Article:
tamdrin wrote: It was my desire to go back to India, Nepal, or Tibet at some point and continue becoming fluent in Tibetan, as I am semi fluent now but would need more time to perfect it.
If you really are semi-fluent in Tibetan and if you are in a large North American city then begin tutoring Tibetan to non-Tibetans immediately.
But make sure that you can really teach people something. Rating language fluency is often difficult. I would not say now that I am fluent in German and esp. in Washington DC where we have numerous fluent German speakers many of whom are tutoring German. However my particular perspective is that of a US citizen born in Germany and who partly grew up in both places. While I lost German as a boy I regained fluency as a young adult. On that basis I have taught basic conversational German (and in that niche my German is really at a near native level).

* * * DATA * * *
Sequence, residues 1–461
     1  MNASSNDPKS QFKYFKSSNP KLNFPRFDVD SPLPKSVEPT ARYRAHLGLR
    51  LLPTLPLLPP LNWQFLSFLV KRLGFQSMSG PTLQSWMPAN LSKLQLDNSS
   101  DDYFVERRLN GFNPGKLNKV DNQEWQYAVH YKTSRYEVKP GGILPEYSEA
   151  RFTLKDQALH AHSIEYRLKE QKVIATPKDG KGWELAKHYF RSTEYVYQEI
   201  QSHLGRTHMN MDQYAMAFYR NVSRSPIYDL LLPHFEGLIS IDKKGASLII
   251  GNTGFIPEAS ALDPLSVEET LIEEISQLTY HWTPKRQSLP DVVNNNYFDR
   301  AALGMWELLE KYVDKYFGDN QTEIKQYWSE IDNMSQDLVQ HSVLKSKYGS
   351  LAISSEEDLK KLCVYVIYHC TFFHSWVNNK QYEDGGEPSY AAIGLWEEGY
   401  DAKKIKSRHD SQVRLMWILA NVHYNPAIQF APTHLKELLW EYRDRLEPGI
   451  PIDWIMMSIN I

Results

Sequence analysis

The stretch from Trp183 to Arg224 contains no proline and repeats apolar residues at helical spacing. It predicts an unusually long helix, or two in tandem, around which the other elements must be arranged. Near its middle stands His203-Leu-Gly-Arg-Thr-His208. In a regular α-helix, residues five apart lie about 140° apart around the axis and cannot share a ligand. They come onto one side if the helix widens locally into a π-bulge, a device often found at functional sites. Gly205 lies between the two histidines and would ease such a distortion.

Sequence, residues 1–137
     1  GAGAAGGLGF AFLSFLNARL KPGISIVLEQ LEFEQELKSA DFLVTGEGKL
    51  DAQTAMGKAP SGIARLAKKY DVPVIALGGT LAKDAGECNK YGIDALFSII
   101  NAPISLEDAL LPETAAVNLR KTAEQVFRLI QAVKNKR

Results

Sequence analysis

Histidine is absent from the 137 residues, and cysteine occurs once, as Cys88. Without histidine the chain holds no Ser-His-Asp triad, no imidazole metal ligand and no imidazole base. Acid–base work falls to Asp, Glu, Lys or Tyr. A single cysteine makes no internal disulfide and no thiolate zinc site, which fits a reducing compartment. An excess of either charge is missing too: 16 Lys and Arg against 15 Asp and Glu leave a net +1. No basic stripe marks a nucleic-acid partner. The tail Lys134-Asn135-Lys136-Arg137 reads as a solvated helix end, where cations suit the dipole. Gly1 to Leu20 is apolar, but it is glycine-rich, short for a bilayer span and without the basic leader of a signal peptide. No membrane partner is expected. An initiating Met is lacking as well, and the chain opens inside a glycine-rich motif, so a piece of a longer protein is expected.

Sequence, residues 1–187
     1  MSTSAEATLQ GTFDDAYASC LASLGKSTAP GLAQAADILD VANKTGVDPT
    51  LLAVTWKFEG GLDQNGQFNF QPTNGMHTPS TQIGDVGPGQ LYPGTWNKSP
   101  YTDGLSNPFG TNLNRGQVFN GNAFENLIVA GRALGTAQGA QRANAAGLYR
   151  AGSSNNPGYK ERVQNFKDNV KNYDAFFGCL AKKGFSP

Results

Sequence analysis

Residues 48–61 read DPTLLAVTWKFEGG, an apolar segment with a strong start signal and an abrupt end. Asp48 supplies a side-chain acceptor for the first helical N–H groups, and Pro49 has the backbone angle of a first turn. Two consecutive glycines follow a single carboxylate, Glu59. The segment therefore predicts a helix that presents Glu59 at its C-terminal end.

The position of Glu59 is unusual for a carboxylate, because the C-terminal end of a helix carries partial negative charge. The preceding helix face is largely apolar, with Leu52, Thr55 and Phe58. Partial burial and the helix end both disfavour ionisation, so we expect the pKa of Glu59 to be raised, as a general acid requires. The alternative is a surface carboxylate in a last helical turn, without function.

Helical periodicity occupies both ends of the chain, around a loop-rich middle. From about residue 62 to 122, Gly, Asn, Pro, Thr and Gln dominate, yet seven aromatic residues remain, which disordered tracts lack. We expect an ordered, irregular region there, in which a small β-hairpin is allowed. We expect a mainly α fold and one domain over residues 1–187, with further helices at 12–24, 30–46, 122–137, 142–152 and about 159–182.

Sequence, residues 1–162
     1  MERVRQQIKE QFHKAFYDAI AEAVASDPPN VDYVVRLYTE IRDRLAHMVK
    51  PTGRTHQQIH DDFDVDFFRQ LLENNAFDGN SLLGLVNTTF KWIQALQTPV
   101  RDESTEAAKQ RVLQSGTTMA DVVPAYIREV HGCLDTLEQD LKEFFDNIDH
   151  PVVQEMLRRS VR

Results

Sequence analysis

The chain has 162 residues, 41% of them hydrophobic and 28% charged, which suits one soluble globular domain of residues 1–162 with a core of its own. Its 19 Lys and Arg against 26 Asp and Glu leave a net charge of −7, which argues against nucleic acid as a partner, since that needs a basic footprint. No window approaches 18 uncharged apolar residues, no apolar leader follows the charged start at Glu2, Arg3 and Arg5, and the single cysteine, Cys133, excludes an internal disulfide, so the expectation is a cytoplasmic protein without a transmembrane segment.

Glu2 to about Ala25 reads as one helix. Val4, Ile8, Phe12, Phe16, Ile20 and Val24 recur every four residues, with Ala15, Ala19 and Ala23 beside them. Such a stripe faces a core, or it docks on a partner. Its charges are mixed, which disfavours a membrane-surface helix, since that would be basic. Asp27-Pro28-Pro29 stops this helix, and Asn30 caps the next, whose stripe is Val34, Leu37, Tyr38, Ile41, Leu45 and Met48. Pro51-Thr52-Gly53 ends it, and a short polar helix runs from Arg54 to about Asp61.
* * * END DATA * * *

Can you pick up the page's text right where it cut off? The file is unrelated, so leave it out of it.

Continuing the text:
So if you can teach people to read sadhana or converse in everyday Tibetan adequately then this is something to teach.
If you are in a large North American city you can also do some kind of sacred site tour for your locale (take people on a tour of major cathedrals, churches, synagouges, etc.) and the same if you are near American Indian sites and this is permitted. This can be a part-time kind of thing.
"Set your heart on virtue: Virtue's outcome is delight".
“All beings are Buddhas, but obscured by incidental stains. When those have been removed, there is Buddhahood.”